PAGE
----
Update: Court renews detention of Al-Masry Al-Youm owner Salah Diab

A Giza court renewed the detention of privately owned Al-Masry Al-Youm newspaper owner Salah Diab for 15 days pending investigations into charges of illegal arms possession.

Diab was arrested along with his son on Sunday morning, the state-owned Al-Ahram reported.

Al-Ahram also reported that a security source stated that they discovered illegal weapons and ammunition in Diab’s villa during Sunday morning’s raid. The source told Al-Ahram that the weapons were purchased after the 2011 revolution and were meant to protect Diab and his family from violence in the neighborhood.

The source stated that Diab and his son were implicated in a case where 11 people were injured during a clash when neighbors attempted to climb the villa walls.

Diab and his son are being held at a Giza police station, the source added.

Publisher Hisham Kassem, co-founder of Al-Masry Al-Youm, who is currently advising the paper on internal structural changes, told Mada Masr that he thought Diab’s arrest may have been caused by the paper’s content.

Al-Masry Al-Youm Editor-in-Chief Mahmoud Mosallam resigned in October, and Mohamed Salah is now transitional editor-in-chief of the paper. Kassem stated that Al-Masry Al-Youm’s coverage has become more balanced and more critical of the state since.

Security forces handcuffed Diab during the raid and leaked pictures to the media, a move which points to the political nature of the arrest, Kassem added. He also condemned the arrest of Diab’s son, Tawfik Diab.

Diab’s son has no involvement in real estate, according to Kassem.

“They seem to be acting out of hysteria,” Kassem said, speculating that Diab’s arrest will have a damaging effect on investments. He is worried that the state is returning to a policy of cracking down on oppositional voices that it has adopted in the past, which he said will ultimately backfire and bring more chaos to the country.

Prosecution froze Diab’s assets on Friday in a case relating to the appropriation of public funds. The public prosecution also froze the assets of Mohamed al-Gammal, the father of Gamal Mubarak’s wife, as well as the properties of ten other businessmen implicated in the case.

The businessmen, including Diab, are accused of appropriating state land at unfair prices from the Agriculture Ministry in order to build tourist resorts, despite a stipulation that this land should be used for agricultural purposes.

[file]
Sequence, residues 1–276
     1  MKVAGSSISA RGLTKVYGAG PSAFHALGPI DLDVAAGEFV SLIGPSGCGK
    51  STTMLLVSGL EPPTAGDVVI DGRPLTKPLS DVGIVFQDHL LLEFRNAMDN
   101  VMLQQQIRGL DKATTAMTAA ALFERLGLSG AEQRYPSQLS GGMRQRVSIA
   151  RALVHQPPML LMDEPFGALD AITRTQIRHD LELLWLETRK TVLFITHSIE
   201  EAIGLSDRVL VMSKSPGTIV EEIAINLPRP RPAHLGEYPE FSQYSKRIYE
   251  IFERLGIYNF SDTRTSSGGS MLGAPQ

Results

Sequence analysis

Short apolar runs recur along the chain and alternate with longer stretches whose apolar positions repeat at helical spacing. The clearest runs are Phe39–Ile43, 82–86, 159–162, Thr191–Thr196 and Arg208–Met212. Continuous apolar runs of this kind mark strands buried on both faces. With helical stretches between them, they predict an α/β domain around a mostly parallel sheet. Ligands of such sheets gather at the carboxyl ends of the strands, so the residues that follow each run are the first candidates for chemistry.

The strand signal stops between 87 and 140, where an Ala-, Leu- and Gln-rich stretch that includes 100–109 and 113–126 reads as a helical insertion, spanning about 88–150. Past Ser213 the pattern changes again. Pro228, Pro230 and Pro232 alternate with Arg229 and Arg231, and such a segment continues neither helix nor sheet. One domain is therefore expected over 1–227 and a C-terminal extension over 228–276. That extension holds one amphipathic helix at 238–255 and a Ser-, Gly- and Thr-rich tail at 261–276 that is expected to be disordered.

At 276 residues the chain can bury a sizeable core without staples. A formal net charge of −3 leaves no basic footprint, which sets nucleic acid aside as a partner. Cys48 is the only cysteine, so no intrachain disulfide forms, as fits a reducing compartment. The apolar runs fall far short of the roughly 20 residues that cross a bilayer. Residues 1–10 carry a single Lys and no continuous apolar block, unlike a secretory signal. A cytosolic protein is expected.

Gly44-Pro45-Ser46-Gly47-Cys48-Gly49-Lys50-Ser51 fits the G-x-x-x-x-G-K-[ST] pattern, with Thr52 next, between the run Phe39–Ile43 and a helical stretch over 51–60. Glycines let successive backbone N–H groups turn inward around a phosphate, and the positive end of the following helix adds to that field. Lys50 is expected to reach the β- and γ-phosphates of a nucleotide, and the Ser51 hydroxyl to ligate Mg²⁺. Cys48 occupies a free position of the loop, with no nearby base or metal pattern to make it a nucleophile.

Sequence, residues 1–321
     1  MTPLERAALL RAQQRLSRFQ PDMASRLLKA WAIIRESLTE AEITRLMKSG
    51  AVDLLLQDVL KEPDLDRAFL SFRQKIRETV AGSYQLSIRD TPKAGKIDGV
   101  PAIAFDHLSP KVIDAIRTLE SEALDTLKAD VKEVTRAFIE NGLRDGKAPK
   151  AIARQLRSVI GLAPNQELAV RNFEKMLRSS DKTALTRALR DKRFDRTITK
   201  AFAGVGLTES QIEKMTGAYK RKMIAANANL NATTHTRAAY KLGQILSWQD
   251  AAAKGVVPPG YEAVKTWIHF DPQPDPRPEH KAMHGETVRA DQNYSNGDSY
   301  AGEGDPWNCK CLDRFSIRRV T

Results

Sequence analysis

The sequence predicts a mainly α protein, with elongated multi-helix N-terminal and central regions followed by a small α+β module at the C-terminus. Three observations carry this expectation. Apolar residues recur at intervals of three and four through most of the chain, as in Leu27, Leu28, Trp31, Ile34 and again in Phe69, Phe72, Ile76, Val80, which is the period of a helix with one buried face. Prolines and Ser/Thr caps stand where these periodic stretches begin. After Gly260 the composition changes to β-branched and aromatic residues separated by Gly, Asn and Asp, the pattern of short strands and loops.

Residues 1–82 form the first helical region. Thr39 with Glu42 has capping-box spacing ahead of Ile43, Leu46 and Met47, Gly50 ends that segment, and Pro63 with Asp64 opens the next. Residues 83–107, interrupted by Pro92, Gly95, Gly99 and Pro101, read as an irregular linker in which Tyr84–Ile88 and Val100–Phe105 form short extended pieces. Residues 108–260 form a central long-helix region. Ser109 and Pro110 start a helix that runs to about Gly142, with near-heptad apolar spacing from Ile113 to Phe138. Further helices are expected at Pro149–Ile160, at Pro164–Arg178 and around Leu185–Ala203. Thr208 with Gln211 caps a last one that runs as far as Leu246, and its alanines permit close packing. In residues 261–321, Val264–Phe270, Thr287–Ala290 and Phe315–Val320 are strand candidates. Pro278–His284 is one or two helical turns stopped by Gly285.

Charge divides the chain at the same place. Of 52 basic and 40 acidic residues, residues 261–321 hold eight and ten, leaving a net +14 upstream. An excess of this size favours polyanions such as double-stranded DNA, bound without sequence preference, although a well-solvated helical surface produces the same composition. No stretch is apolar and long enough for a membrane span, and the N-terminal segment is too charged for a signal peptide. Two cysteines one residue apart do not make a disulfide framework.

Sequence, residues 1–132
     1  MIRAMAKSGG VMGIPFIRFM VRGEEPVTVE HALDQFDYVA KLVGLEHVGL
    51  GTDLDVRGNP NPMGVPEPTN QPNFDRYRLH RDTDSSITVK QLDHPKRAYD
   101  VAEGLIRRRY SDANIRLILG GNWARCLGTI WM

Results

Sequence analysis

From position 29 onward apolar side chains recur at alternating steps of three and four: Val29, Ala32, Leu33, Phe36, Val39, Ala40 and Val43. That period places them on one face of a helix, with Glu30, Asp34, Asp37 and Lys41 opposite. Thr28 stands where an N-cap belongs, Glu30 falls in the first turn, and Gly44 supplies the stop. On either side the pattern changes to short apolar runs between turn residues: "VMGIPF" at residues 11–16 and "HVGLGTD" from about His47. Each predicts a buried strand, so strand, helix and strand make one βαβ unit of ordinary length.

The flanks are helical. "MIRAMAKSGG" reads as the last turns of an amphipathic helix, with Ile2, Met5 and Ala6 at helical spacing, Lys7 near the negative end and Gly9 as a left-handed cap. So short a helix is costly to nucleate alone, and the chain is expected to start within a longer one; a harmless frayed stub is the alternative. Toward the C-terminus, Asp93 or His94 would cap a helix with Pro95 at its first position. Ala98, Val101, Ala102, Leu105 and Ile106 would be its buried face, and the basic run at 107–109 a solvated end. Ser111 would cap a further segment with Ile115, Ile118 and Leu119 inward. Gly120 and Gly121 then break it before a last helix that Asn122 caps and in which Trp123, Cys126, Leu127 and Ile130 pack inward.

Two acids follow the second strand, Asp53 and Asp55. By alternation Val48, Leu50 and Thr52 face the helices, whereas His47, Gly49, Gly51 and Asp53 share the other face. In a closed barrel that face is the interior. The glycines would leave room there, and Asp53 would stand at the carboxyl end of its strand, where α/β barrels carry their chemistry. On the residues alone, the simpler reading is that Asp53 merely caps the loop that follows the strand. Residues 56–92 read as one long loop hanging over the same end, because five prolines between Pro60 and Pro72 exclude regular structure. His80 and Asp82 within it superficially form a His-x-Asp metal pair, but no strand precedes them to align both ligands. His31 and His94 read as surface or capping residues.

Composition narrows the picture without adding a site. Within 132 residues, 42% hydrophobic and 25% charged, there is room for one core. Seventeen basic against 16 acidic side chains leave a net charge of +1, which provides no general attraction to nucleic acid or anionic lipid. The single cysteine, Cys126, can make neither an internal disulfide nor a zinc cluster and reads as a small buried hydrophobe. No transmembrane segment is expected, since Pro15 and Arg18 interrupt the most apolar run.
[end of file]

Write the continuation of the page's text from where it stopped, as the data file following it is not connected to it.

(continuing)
Al-Ahram reported that Diab established a company called Sunset Hills Investment in 1995, and then purchased 750 feddans along the Cairo-Alexandria Desert Road from the Agriculture Ministry for LE300 per feddan, far below the market price.

Diab and several other businessmen are also accused of wasting water resources to create artificial lakes at tourist resorts, which they are reported to have later sold for billions of pounds.

But lawyer Farid al-Deeb, who represents Diab, told Al-Masry Al-Youm that his arrest is not related to the freeze on his assets and that he only faces charges of arms possession, which Deeb believes are fabricated.

Al-Ahram also alleged that the Agriculture Ministry sold the land to Diab without obtaining the proper legal permits.

Former Agriculture Minister Salah Helal was recently detained in a major corruption case on charges of taking payoffs in exchange for granting licenses for state land.

Diab’s arrest comes after talk show host Tawfik Okasha, known for his support of the state, harshly criticized Diab in one of his recent episodes. Okasha claimed that Al-Masry Al-Youm’s coverage is destructive to the state, and threatened Diab on air.

Okasha asked the Ministry of Interior to hold Diab responsible for violations he claims Diab committed in one of his factories in the food industry.

Diab’s arrest also comes a few days after President Abdel Fattah al-Sisi condemned the media for its criticism of the government’s response to the floods in Alexandria.


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